Saturday, April 12, 2008

Parsing the Genre-Bound

The more I see of the genre-bound, the more I find to dislike about them.  They are the inverse of imaginative.  Most are tiny ego-ridden martinets determined to control the world by sarcasm and passive aggression. Most are depressive losers, unsocialized and dysfunctional in their flab, propellor beanies, and Hawaiian shirts.  They are desperate to belong and fancy themselves misunderstood geniuses and brilliant iconoclastic nonconformists, even though their every word and gesture is calculated to thwart a larger world that barely notices them.  Their strict conformity to genre patterns, their insular reference system, and their tree-house club code talk ensure they never grow up, never join the real world, and never have to be judged by any standards worthy of aspiration.  Elevating the unprofessional and denigrating mass appeal, they are as divisive and irrelevant as any arch academic.  
The chip of bitter resentment on their shoulder is that of an infant who cannot hold center stage 24 hours a day, and their conventions are the social equivalent of a tantrum.  By all means keep genre apart from mainstream writing; there is good reason it has been shunted to one small backwater.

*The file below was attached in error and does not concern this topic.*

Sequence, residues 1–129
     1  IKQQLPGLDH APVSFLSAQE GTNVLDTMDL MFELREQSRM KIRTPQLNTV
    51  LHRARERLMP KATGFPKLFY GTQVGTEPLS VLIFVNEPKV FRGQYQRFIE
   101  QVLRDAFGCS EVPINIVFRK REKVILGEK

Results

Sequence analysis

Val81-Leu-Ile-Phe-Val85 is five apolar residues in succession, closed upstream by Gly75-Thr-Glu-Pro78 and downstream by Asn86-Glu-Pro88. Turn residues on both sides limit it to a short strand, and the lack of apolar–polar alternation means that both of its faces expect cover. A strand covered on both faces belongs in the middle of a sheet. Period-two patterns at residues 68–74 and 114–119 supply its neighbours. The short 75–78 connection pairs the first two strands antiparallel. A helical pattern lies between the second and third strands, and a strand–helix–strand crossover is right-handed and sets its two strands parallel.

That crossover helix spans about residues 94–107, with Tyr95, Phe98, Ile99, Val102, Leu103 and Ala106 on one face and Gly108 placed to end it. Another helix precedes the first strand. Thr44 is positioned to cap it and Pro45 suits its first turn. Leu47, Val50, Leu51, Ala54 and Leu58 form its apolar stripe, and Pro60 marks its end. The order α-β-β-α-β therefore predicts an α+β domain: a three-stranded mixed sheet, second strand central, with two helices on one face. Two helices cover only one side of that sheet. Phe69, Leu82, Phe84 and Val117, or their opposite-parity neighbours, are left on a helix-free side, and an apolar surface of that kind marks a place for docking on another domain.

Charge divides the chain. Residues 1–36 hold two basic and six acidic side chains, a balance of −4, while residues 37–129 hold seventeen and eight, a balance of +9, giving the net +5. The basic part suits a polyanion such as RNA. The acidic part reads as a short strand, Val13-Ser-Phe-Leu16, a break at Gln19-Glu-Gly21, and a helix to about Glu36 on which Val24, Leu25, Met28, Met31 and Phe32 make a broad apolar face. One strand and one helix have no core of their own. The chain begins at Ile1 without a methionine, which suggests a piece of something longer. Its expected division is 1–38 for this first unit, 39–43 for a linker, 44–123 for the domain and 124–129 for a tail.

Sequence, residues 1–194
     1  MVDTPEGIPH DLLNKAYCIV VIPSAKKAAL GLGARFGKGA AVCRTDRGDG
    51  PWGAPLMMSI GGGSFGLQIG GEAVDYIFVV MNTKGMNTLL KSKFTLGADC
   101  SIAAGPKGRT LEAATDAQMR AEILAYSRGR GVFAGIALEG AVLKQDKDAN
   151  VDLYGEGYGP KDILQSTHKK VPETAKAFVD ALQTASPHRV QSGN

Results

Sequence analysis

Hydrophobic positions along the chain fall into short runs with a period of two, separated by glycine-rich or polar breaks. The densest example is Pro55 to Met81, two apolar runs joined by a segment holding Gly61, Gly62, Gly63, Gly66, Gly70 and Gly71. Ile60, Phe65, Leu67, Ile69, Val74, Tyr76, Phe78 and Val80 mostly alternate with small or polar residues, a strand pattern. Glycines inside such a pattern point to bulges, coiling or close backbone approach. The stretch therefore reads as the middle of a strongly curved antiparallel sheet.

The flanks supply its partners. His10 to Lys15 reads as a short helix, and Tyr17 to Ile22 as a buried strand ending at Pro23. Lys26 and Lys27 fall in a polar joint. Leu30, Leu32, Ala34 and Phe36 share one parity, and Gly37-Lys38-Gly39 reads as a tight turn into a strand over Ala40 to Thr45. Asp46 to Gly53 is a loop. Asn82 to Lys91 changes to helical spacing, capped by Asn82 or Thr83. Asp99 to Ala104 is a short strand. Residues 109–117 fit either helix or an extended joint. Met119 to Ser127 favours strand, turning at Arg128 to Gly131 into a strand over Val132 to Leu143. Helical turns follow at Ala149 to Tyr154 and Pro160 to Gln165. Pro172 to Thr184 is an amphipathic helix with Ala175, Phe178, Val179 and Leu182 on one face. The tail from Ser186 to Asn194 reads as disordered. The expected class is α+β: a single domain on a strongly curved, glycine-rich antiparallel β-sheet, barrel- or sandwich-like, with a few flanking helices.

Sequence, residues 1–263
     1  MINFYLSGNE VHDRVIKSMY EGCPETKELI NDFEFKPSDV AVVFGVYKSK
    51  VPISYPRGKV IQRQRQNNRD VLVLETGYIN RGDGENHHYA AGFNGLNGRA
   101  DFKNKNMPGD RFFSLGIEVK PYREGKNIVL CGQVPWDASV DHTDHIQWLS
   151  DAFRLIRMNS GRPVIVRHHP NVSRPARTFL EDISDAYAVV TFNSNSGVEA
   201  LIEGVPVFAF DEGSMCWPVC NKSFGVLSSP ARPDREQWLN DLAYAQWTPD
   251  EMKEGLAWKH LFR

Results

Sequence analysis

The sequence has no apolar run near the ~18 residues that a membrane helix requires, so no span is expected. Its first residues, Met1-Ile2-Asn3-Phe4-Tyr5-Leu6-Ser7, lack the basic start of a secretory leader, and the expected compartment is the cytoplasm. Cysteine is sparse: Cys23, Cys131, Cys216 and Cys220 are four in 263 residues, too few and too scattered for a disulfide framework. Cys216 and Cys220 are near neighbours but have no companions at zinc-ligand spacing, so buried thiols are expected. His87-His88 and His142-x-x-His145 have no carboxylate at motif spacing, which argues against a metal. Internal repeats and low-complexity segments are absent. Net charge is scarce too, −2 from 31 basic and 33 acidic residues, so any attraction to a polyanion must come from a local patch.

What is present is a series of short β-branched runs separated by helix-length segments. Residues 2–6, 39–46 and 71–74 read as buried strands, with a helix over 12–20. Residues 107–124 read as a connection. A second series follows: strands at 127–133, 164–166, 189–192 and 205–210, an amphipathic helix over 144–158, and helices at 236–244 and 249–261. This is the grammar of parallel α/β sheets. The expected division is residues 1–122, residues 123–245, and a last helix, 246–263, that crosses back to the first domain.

I recant.

Yes, I once worked the genre fields. In my defense I can only say that there was no choice. I am not rich, did not have my way paid through an Ivy League school, and I am not related by blood or money to a New York City publisher. I did not even get to college, having had no money, so I did not even serve apprenticeship as a first reader or New Yorker fact checker.

Worse, I am from the Lauren Highlands of Western Pennsylvania. That makes me an Appalachian hick. Ask any metropolitan New Yorker. Might as well wear bib overalls without a shirt or shoes and chew on a piece of straw once I’ve admitted such lowly origins.

Which would be okay, marginally, if my grandfather had been a senator, or my father had delivered bribes in smoke-filled back rooms for a political machine in a big city.

Without such a pedigree, though, I was forced to go the genre route if I wanted to become a writer. Forced, in fact, to read all the hard-boiled noir and wild pulp fiction and Golden Age SF and High Fantasy and splatterpunk Horror I could get my hands on. To learn craft I had to pay attention to George Scithers as he grumbled about marks on paper, and I had to bone up on all of Harlan Ellison’s story introductions so I could learn how Lester del Rey grew him from a bean and how Silverbob could write twenty stories a day without pausing for a beer, or how John W. Campbell coached stories out of a snot-nosed Asimov, or the way Heinlein bullied his way to bestsellerdom, or how Clarke wrote from Sri Lanka and Bradbury wrote a story a week and had to rent typewriter time at the public library for a dime an hour so he could submit one every Saturday morning.

It was hell but the indoctrination never ended. My world focused on telling stories about real people with plenty of action. Active voice, show don’t tell, and rewrite until you get the Pet Milk version; those were my lessons.